Figure P57

5.8. Of interest is the motion sensitivity of a photoreceptor when a one-dimensional DSF, s(x) = exp[-x2/(2a2)], views a one-dimensional, spatial sinewave object given a small displacement, 8x. Mathematically this object can be written:

For algebraic ease, this sinewave can be written as a shifted cosine wave when Fourier transforming. Thus, F(u, 8x) = (Io/2)[2n 8(u) + 1/2 8(u + uo) + 1/2 8(u - uo]) exp[-ju(X/4 + 8x)]. Note that uo = 2n/X, where x = X is the spatial period of the sinewave. The right-hand exponential term shifts the cosine wave by 90° to make a -sinewave, and gives an additional displacement, 8x, required to give a contrast change. The contrast is defined here as C(8x) = AIe/Ie(0). Ie(0) is the effective absorbed light intensity with 8x = 0. AIe = Ie(0) - Ie(8x).

a. Use the Fourier transform approach to find an expression for Ie(0).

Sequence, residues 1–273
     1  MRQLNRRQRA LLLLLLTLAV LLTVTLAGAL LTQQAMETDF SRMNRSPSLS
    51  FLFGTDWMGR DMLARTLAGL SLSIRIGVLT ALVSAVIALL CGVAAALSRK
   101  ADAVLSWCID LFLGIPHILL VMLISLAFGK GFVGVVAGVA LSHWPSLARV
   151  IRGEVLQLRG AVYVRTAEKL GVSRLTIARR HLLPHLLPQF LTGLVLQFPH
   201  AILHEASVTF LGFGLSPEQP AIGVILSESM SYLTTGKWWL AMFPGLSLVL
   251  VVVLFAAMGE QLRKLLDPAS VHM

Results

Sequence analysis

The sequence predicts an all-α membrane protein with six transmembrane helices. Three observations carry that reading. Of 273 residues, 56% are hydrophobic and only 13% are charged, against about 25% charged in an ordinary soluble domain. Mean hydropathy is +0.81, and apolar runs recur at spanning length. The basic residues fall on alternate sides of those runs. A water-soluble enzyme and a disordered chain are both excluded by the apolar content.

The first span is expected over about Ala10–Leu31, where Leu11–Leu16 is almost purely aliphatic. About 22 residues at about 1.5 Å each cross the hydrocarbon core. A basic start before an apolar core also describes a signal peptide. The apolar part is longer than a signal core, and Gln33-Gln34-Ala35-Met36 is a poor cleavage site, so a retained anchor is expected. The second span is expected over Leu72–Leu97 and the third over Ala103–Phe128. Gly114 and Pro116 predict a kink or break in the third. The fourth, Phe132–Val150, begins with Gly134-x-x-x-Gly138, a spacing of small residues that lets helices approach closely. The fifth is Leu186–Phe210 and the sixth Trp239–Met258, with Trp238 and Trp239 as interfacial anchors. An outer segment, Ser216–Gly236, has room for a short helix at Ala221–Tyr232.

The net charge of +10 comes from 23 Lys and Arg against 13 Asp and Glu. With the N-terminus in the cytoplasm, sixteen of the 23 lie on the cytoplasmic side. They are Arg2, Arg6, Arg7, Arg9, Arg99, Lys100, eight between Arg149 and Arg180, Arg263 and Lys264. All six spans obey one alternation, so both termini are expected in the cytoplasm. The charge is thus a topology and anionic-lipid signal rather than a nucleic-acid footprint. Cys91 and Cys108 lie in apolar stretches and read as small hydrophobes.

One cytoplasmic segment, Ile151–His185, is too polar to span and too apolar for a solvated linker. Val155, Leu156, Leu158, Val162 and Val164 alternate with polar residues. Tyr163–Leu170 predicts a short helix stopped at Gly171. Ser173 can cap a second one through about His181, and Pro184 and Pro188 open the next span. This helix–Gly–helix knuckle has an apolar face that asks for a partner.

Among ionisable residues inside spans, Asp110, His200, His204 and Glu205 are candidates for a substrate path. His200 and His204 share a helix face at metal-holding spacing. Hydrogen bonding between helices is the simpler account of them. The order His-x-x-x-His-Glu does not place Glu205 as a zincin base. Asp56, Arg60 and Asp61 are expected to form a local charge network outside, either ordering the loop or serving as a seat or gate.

c. Use the expression for the contrast, C(8x), to calculate the 8x required to produce C(8x) = 0.01 as a function of the receptor DSF half-angle,

6m/2. Note that ct = 9m/2^ln(4) , let X = 5°. Consider 0.25 9 6m/2 9 2.5°. (Be careful to use proper angle dimensions, degrees or radians, when solving this problem.)

0 0

Peripheral Neuropathy Natural Treatment Options

This guide will help millions of people understand this condition so that they can take control of their lives and make informed decisions. The ebook covers information on a vast number of different types of neuropathy. In addition, it will be a useful resource for their families, caregivers, and health care providers.

Get My Free Ebook